Non-Limiting examples of RNA targets to which the present invention can be applied are shown in the following table:
HBV epsilon sequence; HCV 5′ untranslated
region; HIV packaging sequence, RRE,
TAR; picornavirus internal
RNAse P, tRNA, rRNA (16S and 23S), 4.5S RNA
Similar RNA targets as for antibacterials
Alternative splicing of CD23
Metastatic behavior is conferred by
mRNAs encode proto-oncogenes
RNA editing alters glutamate receptor-B, changing
calcium ion permeability
RNA editing introduces stop codon at 5′ end of NFl
GAP-related domain to inactivate NFl epigenetically
RNA editing influences amount of ApoB-100,
strongly associated with atherosclerosis
The following examples are intended to further illustrate the invention without limiting it thereof.
The RNA molecule shown in FIG. 9 (top), designated AB-RNA, was shown to bind ATP with high affinity (Sassanfor et al., Nature, 364:550, 1993). In the experiments described below, this RNA was used to illustrate different embodiments of the present invention.
As depicted in FIG. 9 (bottom), in practicing the present invention, incubation of this RNA (AB-RNA) with ATP and a competitor oligonucleotide allows the formation of an ATP:AB-RNA complex as well as an oligo:AB-RNA hybrid. In the absence of ATP, formation of the hybrid is favored. By contrast, in the presence of ATP, the formation of the hybrid is less favored due to the formation of a stable ATP:RNA complex. Thus, measurement of the amount of oligonucleotide:RNA hybrids in the reaction mixture indicates the presence or absence of an RNA-binding ligand.
AB-RNA was transcribed using as template the DNA oligonucleotide RBS-87-8A, (5′-GGAAC CTTGC CGGCA CCGAA GTGCC GCAGT TTCTT CCCAA GGTTC CTATA GTGAG TCGTA TTA-3′-SEQ ID NO:1), which contains the sequence for the T7-RNA polymerase promoter followed by a region encoding AB-RNA. [32P]-labelled AB-RNA was obtained by including [32P]-UTP in the transcription reaction. Conditions for the T7 RNA polymerase transcription reaction using oligonucleotide templates have been described by Milligan et al., Nuc. Acids Res., 15:8783, 1987.
[32P]-labelled AB-RNA (approx. 30,000 cpm) in a 360 μ1 mixture containing 37.5 mM Tris pH 7.5, 150 mM NaCl and 7.5 mM MgCl2 was heat denatured at 90° C. for 2 min and then chilled on ice for 2 min. The mixture was split into three 120 μl aliquots which were supplemented with 20 μl of water, 300 μM ATP, or 300 μM UTP. Nine 12 μl aliquots of each of these mixtures were then supplemented with varying amounts of the complementary RBS-87-8A oligonucleotide and water so that the final volume of each was 20 μl. The resulting reaction mixtures contained final oligonucleotide concentrations ranging from 0 to 1.97 μM and either one of 30 μM ATP, 30 μM UTP, or no ligand. The reaction mixtures were then supplemented with 3 μl of loading dye and loaded onto a 12% polyacrylamide native gel. The gel and running buffers contained 1×TBE buffer in addition to 37.5 mM Tris pH 7.5, 150 mM NaCl, 7.5 mM MgCl2 and the corresponding ligand concentration.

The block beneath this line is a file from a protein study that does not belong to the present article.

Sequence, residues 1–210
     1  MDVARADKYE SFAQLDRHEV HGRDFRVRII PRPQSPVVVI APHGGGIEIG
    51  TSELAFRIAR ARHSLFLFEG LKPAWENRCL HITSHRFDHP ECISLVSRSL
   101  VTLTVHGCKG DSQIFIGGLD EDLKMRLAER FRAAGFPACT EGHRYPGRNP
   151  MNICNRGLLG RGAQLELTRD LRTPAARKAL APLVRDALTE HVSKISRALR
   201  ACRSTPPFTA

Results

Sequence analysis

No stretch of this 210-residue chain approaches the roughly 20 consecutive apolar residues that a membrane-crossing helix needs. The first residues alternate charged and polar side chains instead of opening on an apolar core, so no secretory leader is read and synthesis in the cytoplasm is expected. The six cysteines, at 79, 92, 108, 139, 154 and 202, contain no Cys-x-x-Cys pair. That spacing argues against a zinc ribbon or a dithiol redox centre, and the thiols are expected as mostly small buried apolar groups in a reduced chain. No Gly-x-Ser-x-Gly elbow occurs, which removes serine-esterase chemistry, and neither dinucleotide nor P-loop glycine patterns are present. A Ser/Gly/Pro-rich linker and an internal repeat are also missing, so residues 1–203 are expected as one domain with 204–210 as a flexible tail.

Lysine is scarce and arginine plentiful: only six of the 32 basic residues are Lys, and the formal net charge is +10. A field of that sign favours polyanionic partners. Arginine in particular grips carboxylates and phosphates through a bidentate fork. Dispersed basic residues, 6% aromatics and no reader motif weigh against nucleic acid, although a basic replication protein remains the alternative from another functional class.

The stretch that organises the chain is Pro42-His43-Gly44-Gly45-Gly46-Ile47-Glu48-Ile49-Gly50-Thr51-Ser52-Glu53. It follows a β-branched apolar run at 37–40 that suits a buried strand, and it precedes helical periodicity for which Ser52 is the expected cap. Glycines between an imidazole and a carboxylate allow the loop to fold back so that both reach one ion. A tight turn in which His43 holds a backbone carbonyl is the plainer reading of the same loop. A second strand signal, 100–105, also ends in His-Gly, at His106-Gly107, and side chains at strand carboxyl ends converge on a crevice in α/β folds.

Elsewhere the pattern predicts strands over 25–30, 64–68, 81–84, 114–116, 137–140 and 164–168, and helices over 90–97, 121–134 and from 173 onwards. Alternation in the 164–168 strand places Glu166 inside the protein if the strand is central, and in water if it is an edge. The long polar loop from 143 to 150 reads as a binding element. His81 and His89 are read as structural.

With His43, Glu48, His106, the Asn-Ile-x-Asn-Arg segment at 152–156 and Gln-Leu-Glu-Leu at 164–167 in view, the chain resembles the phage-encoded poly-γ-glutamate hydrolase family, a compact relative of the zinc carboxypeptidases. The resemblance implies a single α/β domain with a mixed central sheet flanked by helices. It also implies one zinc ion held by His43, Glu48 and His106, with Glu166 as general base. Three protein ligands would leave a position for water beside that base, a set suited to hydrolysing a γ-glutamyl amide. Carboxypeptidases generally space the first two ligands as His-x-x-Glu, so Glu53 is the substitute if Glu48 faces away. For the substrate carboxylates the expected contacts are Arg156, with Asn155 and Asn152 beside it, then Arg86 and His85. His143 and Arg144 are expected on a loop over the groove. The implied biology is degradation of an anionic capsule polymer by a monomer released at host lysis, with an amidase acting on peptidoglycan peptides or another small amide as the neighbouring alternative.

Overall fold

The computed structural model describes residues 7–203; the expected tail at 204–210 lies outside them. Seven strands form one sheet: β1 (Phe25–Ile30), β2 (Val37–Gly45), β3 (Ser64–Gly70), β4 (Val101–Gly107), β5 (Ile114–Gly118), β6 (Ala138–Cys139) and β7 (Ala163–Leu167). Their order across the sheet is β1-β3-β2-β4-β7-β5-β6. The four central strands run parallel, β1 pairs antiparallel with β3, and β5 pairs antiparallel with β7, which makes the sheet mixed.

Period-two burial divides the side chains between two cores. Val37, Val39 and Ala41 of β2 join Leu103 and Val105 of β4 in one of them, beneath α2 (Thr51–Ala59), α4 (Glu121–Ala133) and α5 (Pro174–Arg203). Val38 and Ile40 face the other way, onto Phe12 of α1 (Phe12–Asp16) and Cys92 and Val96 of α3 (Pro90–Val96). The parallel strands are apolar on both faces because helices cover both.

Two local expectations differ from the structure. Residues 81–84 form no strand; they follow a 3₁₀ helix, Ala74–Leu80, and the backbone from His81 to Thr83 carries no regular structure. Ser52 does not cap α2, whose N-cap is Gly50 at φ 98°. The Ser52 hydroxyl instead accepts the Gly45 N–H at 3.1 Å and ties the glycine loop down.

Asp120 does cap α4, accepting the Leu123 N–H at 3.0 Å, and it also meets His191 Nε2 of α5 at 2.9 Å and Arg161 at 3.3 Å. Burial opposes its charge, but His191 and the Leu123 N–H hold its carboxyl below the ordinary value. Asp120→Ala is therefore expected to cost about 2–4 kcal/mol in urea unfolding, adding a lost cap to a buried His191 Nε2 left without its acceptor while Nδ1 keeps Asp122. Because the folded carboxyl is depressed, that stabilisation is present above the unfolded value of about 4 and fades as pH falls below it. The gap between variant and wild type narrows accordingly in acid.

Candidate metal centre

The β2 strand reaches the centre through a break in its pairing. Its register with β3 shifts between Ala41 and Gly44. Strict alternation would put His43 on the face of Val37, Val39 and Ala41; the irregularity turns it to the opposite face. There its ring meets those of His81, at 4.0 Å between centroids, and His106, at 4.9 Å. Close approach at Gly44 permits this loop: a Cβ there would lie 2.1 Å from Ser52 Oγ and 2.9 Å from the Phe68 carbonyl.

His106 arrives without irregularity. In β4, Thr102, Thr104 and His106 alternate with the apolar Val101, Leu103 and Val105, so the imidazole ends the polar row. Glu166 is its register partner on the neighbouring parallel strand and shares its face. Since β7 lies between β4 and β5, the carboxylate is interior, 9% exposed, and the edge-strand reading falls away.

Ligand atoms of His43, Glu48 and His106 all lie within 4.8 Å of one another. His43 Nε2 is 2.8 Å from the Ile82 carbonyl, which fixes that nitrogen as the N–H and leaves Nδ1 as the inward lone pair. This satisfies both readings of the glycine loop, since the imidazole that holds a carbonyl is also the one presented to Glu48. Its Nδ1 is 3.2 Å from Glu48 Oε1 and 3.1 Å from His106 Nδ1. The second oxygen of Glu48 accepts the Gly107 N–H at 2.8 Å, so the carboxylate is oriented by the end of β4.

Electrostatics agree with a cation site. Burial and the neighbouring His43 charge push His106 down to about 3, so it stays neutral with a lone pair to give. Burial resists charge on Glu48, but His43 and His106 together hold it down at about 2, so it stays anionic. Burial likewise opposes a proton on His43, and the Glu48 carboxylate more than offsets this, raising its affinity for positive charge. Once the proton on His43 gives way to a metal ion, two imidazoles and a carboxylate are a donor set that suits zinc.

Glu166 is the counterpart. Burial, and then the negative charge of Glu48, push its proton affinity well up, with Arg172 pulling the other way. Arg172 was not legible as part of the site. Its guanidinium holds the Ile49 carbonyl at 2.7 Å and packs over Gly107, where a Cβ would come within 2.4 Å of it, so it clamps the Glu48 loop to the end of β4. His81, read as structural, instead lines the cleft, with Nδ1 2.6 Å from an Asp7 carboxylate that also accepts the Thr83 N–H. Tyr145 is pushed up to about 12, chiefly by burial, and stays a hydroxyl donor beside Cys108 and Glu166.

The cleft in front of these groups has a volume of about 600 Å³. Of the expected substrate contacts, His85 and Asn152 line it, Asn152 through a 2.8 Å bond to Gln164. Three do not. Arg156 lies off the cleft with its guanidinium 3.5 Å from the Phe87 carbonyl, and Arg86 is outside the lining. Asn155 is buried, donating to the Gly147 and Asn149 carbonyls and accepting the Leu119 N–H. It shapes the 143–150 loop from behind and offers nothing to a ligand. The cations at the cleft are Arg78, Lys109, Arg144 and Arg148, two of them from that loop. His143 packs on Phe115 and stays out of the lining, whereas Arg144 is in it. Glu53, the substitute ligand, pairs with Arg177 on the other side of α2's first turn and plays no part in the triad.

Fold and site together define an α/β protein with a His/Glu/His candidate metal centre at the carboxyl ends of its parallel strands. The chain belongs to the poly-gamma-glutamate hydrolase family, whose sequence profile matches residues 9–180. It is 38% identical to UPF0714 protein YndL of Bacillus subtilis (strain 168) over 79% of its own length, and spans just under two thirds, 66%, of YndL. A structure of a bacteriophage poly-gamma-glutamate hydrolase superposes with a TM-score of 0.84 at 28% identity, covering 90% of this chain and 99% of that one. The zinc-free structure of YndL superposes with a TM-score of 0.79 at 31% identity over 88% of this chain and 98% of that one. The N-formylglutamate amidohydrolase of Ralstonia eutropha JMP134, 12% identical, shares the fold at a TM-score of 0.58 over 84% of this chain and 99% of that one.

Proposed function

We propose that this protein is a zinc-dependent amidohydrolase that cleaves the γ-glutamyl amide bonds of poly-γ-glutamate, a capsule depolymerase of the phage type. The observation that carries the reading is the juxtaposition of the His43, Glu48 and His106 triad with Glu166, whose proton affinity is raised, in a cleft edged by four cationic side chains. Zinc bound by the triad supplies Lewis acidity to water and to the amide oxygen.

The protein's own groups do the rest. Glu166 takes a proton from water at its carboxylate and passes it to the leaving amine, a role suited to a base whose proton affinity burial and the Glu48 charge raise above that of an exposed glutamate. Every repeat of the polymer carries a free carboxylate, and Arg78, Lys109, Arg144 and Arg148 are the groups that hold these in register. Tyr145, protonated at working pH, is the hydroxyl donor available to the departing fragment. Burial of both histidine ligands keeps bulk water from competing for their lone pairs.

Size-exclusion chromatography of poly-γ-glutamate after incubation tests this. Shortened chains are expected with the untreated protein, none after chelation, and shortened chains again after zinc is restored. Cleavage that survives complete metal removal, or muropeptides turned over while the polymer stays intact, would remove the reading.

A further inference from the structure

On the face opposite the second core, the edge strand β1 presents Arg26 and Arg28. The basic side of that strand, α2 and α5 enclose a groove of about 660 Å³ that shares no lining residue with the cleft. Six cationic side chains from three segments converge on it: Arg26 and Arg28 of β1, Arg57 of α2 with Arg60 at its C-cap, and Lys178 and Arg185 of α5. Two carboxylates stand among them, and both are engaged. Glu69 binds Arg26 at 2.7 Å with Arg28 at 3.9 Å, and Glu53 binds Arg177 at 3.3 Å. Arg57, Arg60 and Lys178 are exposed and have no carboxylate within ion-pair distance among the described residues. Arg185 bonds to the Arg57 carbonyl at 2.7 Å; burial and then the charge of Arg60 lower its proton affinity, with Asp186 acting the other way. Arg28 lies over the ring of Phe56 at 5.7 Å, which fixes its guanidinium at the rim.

Resolution of hybridized and unhybridized RNA by gel electrophoresis indicated that the conversion of 50% of the AB-RNA into the RNA:DNA hybrid requires approximately 24 nM RBS-87-8A oligonucleotide in the absence of ligand, and conversion of 100% requires at least 72.9 nM oligonucleotide (FIG. 10, top panel). In contrast, in presence of 30 μM ATP, 656 nM to 1970 nM RBS-87-8A oligonucleotide concentrations were required to induce the formation of a similar amount of hybrids (FIG. 10, middle panel). This effect is the result of competition between ATP and the oligonucleotide for binding to the AB-RNA. Furthermore, this experiment shows that UTP is unable to compete with the oligonucleotide, demonstrating that the observed effect is ligand-specific (FIG. 10, bottom panel).
The [32P]-labelled ATP-binding RNA described in Example 1 above (AB-RNA) was heat denatured at 90° C. for 2 min in binding buffer (50 mM Tris pH 7.5, 200 mM NaCl, and 10 mM MgCl2) and chilled on ice for 2 min. 37.5 μl aliquots of the heat denatured AB-RNA were then mixed with 12.5 μl of a solution containing 12.5 pmol of the 5′-biotinylated oligonucleotide RBS-96-60 (having a nucleotide sequence identical to RBS-87-8A described in Example 1 above) and varying amounts of ATP or UTP. After a brief incubation at room temperature, the mixture was transferred into 96-well plates containing 0.5 mg paramagnetic beads coated with streptavidin (PMP-SA) (Promega, Madison, Wis.). Plates were incubated at room temperature for 15 min to allow binding. A strong magnet was placed under the plate, after which the PMP-SA beads were washed with 50 μl of binding buffer. [32P]-labelled AB-RNA bound to the beads was then quantitated by Cerenkov counting in a Microbetta LSC-counter (Wallac).